JUN 26, 2020 9:47 AM PDT

Artificial and Natural Neurons Communicate Using Dopamine

WRITTEN BY: Annie Lennon

Researchers from Stanford University have shown that artificial neurons can communicate with biological neurons with dopamine- a neurotransmitter known for signaling reward. 

A different group of researchers previously managed to link two silicon-based artificial neurons with a biological one using electricity. Although demonstrative of hybrid computing, the study only shed light on electrical signaling, as opposed to chemical signaling. 

The new study fills in this gap. For it, the researchers started with two neurons- one a biological cell that produces dopamine; the other an artificial cell made of both biocompatible and electrical-conducting materials. They found that when activated, the biological dopamine-producing neuron was able to interact with the artificial one, changing how it behaves.

After confirming communications between the biological and artificial neurons in this way, the researchers performed some tests to see if the hybrid circuit could ‘learn.’ 

On the first attempt, they found that the burst of dopamine from the biological cell was able to alter the artificial neuron’s conductance for some time. Per the adage: ‘Neurons that fire together, wire together,’ the team also found that activating the biological neuron with chemicals, in turn, changed the artificial neuron’s conductance in a way that mimicked learning. 

Then examining the hybrid synapse with an electron microscope, the researchers found that the cells were able to recycle dopamine within similar timescales to the human brain. They also saw that the neurons seemed to mimic a learning rule known as ‘spike learning’- a machine learning method inspired by how the brain works. 

Although a significant step toward artificial-biological hybrid circuits, the researchers warn that artificial neurons are still unable to completely relay information from a single hit of dopamine, and thus do not yet accurately mimic biological neurons. Further research is also needed to know whether these hybrid synapses can work within a living brain. 


Sources: Singularity Hub, Nature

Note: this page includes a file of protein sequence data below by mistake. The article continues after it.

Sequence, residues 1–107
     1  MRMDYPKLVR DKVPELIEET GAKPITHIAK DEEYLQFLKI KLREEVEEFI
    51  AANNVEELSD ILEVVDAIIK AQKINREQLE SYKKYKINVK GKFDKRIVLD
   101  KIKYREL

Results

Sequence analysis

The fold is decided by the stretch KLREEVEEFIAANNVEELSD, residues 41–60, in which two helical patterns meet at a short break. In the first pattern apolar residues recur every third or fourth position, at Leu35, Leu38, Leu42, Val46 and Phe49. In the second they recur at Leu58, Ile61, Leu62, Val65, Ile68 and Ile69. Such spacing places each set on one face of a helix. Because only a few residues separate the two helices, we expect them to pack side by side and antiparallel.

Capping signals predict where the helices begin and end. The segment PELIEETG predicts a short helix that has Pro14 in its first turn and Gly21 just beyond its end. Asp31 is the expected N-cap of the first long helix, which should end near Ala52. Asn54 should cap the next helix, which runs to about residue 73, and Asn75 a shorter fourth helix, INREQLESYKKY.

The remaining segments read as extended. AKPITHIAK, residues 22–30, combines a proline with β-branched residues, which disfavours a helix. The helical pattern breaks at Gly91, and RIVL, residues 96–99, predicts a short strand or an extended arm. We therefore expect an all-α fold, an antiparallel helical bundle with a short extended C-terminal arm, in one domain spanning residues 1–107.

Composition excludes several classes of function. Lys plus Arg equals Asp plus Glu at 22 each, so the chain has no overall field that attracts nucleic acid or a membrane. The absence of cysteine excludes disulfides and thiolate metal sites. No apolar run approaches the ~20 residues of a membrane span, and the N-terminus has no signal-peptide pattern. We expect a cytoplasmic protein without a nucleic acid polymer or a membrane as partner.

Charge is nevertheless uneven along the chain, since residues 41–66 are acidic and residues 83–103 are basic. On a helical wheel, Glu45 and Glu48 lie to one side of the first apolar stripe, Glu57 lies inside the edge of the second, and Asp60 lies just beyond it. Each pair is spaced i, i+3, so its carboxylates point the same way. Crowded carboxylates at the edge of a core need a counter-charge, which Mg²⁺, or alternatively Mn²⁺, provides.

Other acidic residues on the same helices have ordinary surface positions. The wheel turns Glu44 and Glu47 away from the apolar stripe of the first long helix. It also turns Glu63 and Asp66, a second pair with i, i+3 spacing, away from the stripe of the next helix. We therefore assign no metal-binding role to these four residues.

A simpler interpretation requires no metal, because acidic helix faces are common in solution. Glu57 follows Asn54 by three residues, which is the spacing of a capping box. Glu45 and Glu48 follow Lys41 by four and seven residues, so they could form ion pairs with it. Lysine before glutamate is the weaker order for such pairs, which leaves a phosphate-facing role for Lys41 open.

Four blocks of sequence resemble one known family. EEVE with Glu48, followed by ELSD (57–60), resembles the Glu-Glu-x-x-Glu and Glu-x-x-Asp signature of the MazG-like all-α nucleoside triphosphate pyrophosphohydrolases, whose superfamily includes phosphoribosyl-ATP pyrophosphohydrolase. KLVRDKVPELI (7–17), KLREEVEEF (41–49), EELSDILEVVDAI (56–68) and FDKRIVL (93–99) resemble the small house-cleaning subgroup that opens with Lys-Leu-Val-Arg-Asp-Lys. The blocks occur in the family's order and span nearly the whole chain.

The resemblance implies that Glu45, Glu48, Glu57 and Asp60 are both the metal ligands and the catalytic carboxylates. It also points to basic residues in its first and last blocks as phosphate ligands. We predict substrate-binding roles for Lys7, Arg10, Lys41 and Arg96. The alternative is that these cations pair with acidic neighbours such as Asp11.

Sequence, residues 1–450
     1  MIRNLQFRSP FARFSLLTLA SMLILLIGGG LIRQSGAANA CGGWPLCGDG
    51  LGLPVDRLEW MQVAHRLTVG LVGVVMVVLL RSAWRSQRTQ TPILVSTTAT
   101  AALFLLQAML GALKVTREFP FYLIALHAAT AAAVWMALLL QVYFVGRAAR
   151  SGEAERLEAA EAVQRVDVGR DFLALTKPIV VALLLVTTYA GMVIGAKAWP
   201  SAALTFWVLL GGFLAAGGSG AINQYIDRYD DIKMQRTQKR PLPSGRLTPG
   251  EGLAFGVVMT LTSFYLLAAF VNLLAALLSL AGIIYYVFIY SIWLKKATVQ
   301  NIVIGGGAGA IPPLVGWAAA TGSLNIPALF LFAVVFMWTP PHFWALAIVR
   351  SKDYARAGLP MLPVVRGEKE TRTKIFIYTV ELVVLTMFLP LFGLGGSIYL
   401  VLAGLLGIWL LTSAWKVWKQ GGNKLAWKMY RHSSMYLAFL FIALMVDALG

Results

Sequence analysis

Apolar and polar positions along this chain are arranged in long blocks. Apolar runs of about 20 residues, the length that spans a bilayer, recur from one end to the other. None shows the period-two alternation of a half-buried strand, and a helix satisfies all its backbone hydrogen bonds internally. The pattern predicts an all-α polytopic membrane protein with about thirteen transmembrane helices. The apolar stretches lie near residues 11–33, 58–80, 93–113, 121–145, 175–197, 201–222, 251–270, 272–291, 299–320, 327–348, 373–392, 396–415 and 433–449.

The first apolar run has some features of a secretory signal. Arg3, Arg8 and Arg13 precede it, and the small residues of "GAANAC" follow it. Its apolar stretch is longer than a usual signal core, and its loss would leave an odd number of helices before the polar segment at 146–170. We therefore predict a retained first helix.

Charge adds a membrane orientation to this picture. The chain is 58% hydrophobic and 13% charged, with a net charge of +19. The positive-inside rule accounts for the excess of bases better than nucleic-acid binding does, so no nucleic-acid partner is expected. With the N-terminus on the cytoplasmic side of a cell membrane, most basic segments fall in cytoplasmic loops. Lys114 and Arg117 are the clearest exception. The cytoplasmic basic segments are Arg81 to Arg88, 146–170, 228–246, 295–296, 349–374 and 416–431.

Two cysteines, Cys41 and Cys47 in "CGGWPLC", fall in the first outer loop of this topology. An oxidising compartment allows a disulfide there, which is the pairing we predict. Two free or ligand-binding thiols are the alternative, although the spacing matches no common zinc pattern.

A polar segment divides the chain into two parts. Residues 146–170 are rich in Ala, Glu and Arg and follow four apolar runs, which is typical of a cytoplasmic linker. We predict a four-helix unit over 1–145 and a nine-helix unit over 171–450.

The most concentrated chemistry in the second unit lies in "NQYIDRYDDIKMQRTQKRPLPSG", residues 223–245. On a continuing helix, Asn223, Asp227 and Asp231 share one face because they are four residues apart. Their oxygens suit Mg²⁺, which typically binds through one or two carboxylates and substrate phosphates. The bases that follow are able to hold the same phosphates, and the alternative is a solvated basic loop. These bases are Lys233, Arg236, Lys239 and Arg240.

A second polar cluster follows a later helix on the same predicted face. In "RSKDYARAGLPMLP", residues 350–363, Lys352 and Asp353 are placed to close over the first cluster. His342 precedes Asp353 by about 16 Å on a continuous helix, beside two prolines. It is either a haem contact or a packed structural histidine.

About the Author
  • Annie Lennon is a writer whose work also appears in Medical News Today, Psych Central, Psychology Today, and other outlets. When she's not writing, she is COO of Xeurix, an HR startup that assesses jobfit from gamified workplace simulations.
You May Also Like
JUL 16, 2021
Coronavirus
Focusing on the Cause of Neurological Symptoms of COVID-19
JUL 16, 2021
Focusing on the Cause of Neurological Symptoms of COVID-19
We now know that COVID-19 can cause a range of symptoms. Some of these problems are taking months to clear up in patient ...
JUL 27, 2021
Neuroscience
What is Neurotheology to a Neuroscientist?
JUL 27, 2021
What is Neurotheology to a Neuroscientist?
Neurotheology is the interdisciplinary science of religious and spiritual experience
JUL 29, 2021
Cell & Molecular Biology
Calcium Seems to Control Blood Flow in the Brain
JUL 29, 2021
Calcium Seems to Control Blood Flow in the Brain
The brain is packed with neurons that are constantly in need of power, but there isn't really anywhere to store energy. ...
AUG 29, 2021
Cancer
Researchers Bioprint Deadly Brain Tumor with 3D Printer
AUG 29, 2021
Researchers Bioprint Deadly Brain Tumor with 3D Printer
Researchers have managed to print an entire active and viable glioblastoma tumor- the deadliest form of brain cancer- us ...
AUG 30, 2021
Health & Medicine
For the love of java: Researchers find association, not causation, between excessive coffee consumption, brain size, and dementia
AUG 30, 2021
For the love of java: Researchers find association, not causation, between excessive coffee consumption, brain size, and dementia
Researchers find association, not causation, between excessive coffee consumption, brain size, and dementia
AUG 31, 2021
Drug Discovery & Development
A drug-free rehabilitation system for stroke survivors.
AUG 31, 2021
A drug-free rehabilitation system for stroke survivors.
     Last week, the United States Food and Drug Administration (FDA) approved a first-of-its-kind&nb ...
Loading Comments...